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Wales Air Ambulance Landing at University Hospital Wales

Health

Health spending in Wales makes up almost half of Welsh Government spending, and its performance is under the spotlight like never before, both by politicians and the wider public at large. Hardly a day goes by without a story on the performance of, or some issue within, the health service in Wales.

The first decade of devolution was characterised by a policy direction Welsh Labour called ‘clear red water’. This described the different policy approaches by the then Welsh and UK Labour governments. Rather than follow UK policy of increasing patient choice, the NHS in Wales underwent a complete overhaul of its services into seven health boards that were created in 2009. This period also saw increased spending on health, but has more money meant a better service?

Opposition politicians argue no. The best example of this can be seen when the Prime Minister referred to Offa’s Dyke (an ancient earthwork along the English-Welsh border) as the line between life and death. They would also draw attention to long waiting list times and poor ambulance response rates to emergencies as serious issues affecting the delivery of health services in Wales.

But the Welsh Government’s recent National Survey of Wales suggested that over 90% of people in Wales are happy with the service of their GP and hospitals. The Welsh Government would also point out that they spend more on health per head by comparison with England.

As health policy issues outlined by the Royal College of Nursing in Wales below this article show, there are significant challenges facing the health sector in Wales (as elsewhere in the UK), but these challenges also provide opportunities for change and innovation.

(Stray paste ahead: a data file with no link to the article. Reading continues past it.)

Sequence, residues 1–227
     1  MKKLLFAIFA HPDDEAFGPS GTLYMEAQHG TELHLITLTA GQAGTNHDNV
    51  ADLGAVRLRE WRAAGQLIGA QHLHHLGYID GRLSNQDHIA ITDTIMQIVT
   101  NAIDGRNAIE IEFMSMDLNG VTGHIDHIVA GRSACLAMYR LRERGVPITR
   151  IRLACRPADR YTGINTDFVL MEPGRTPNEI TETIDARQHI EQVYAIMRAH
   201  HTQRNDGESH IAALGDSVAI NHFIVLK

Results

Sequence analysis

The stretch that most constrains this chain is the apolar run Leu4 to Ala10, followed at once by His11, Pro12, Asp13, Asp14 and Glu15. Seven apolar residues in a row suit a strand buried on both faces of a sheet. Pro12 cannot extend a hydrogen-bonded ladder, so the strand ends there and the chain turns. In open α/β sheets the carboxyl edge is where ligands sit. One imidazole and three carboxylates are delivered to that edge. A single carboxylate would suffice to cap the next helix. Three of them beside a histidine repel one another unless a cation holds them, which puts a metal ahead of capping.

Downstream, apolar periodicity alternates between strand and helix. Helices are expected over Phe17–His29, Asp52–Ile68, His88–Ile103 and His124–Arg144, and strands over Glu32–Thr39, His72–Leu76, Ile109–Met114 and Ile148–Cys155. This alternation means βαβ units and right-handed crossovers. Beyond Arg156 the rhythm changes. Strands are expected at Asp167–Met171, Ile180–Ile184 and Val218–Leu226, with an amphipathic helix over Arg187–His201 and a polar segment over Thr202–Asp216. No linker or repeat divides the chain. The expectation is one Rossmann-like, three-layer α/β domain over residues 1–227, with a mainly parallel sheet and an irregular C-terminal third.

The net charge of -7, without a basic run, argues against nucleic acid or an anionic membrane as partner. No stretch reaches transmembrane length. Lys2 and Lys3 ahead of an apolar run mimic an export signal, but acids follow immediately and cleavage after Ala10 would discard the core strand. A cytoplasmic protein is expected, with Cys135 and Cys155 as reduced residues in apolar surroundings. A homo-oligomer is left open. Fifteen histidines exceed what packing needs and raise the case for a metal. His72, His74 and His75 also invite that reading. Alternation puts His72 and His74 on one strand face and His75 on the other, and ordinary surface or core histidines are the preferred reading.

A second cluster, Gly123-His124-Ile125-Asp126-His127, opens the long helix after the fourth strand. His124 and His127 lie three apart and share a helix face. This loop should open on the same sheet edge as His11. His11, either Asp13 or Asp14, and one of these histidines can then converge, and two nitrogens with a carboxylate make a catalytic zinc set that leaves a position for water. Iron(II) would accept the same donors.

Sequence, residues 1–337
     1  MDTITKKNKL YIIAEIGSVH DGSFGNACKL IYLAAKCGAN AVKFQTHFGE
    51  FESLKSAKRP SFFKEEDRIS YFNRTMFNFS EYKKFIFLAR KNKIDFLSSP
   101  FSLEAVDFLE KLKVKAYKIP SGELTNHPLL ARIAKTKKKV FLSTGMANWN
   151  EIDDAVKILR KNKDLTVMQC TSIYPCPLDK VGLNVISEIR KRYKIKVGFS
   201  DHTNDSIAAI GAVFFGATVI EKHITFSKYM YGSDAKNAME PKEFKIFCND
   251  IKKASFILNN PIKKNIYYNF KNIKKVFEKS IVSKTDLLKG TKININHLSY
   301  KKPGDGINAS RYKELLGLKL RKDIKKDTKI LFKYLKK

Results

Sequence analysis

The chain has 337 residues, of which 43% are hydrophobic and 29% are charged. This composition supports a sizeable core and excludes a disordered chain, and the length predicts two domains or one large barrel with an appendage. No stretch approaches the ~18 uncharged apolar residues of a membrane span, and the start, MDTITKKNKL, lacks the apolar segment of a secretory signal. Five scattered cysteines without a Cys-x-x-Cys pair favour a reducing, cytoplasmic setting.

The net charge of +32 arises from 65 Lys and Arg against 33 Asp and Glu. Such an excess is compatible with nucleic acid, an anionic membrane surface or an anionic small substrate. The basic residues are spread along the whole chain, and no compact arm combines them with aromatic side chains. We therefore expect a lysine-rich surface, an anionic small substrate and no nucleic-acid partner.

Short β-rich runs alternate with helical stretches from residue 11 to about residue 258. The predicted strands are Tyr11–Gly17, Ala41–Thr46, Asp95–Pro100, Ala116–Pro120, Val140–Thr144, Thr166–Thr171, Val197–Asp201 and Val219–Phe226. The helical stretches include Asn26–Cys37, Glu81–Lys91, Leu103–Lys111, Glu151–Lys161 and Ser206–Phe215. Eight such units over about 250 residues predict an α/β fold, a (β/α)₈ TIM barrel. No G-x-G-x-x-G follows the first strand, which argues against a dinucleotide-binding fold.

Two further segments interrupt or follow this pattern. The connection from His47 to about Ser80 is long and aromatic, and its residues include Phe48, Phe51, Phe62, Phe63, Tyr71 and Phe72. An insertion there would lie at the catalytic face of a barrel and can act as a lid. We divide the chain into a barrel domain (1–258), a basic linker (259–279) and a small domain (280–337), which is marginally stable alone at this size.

With health by far and away the most important issue in this year’s election for the Welsh electorate, it is no surprise that health and health-based issues have been under so much scrutiny in recent years. It is very likely that this will continue throughout the election as parties in Wales put forward their solutions for the NHS and other health matters in Wales.

Overview of health policy issues in Wales from the perspective of the Royal College of Nursing in Wales

Policy Issues

  • Health is one of several key areas of responsibility held by the Welsh Government. Funding is received under the Barnett formula: this is a ratio determining how much money Wales receives in proportion to other parts of the UK
  • The Welsh Government is seeking to better integrate health and social care, whilst the NHS in Wales places greater emphasis on public health and ‘prudent healthcare’ principles.
  • Wales differs geographically, linguistically and socially from other countries of the UK and therefore requires a different approach to health policy (eg rural areas where delivering services can be challenging).

Workforce

  • Areas that are not devolved, agendas such as crime, impact upon the model of health services in Wales.
  • There are differences in workforce planning systems and priorities to the rest of the UK. Changes to the workforce in England inevitably affect Wales due to the size and overlap of the two countries’ health systems.

Professional factors

  • An ageing population and increasing numbers with chronic conditions are challenging. With the rise in comorbidity, services must respond to meet changing needs of the population. But new technology is also revolutionising health care, eg decisions increasingly informed by data.
  • The Health Professional Education Investment Review (2015) recommended a single body for workforce planning, education and training. Wales-specific direction related to the public sector is conducted through the Workforce Partnership Council set up by Welsh Government. There is also the key challenge of attracting, training and maintaining nurses across Wales.

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This article is from the free online course:

Scotland and Wales Vote 2016: Understanding the Devolved Elections

The University of Edinburgh

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